With careful consideration, talent managers can balance employees’ needs while keeping engagement high in remote work environments.
by Janet Ahn
July 29, 2021
Striking the right degree of flexibility for your team can be challenging and even stressful, but it is important to get it right, especially as the pandemic has altered our values and work style. More than 50 percent of employees want to work flexibly, going as far as quitting rather than be forced to return to the office, while others return reluctantly out of fear.
Flexible work arrangements offer individuals the opportunity to actively craft their work environments to improve their own efficiency. In addition, the talent pipeline can widen so the “best” can be recruited regardless of location. Further, flexible work can help reverse the steepest decline in the female labor force since World War II and promote innovation with new, and often better, ways to work.
But getting flexible work “right” is the conundrum. Implementing a successful flexible work environment takes careful consideration of how to balance employees’ need to connect with the need to be autonomous, all while keeping engagement and productivity high.
Balancing and managing such tensions are difficult, so organizations tend to polarize in their policies. Some organizations have taken a 100 percent flexibility route citing “culture was never your building” and advocating for empowering individual employees to dictate how they want to work. Others implement a “zero tolerance policy” or penalizing approach where they demand all employees return to the office or face a pay cut.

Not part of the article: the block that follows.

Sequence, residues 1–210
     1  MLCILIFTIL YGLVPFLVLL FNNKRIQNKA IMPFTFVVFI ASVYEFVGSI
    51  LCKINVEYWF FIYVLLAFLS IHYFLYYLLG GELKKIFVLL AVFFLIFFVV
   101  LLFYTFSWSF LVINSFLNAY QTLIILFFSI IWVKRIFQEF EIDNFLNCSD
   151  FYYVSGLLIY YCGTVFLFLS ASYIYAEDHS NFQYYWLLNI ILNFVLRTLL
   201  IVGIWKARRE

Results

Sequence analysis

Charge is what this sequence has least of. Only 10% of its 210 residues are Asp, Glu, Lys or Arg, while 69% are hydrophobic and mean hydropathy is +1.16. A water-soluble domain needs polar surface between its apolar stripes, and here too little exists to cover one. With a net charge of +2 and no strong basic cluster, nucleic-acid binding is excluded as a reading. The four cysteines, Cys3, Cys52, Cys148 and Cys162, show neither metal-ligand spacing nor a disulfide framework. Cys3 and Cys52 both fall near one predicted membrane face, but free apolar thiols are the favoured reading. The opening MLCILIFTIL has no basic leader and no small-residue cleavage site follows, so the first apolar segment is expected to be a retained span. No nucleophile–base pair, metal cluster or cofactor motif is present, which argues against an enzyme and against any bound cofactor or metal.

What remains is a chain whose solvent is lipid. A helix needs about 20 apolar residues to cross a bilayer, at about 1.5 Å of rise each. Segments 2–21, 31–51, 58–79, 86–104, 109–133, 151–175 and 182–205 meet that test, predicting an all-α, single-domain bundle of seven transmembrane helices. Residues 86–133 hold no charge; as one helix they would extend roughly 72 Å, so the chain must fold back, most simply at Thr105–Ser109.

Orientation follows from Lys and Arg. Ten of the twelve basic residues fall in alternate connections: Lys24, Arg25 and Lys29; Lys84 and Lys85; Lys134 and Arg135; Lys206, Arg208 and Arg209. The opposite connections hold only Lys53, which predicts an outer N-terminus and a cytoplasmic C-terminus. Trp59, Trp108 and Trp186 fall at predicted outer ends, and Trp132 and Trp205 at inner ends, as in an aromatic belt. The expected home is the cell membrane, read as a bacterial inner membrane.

Both arrangements fall on the extreme ends of the spectrum and will fail to keep employees engaged or enhance their intrinsic motivation (their deep, internal enjoyment of work) for the long haul, especially given the rising interest in remote work. A failure to adequately navigate and resolve the tensions associated with flexible work arrangements will only hurt organizations; however, a well-implemented flexible work arrangement has significant advantages over either unilateral approach.
Understanding the psychology behind the sustainment of intrinsic motivation and unlocking the blockers about returning to the office can help company leaders think through the best way to navigate these complex tensions. The “AIM” method involves three simple and effective techniques proven to be effective in the flexible work environment:
Align and explain the “why”
Purpose matters but so does rationale. There is a link between feeling a sense of purpose at work and the attention, commitment and engagement crucial for high work performance and success. By linking internal work policies to the broader organization’s vision, employees have clarity and alignment around organizational expectations for how they choose to work and why.
It is equally important to effectively communicate the reasoning behind a decision and explain how it is aligned to the organization’s culture and strategy. Research on procedural justice suggests people are more likely to perceive a certain policy is fair when the process was transparent as opposed to when the process was unclear or muddled. It’s important to have strong, consistent messaging from the top to describe the rationale behind decisions to build organizational trust. Understanding the why is just as important as believing in the why.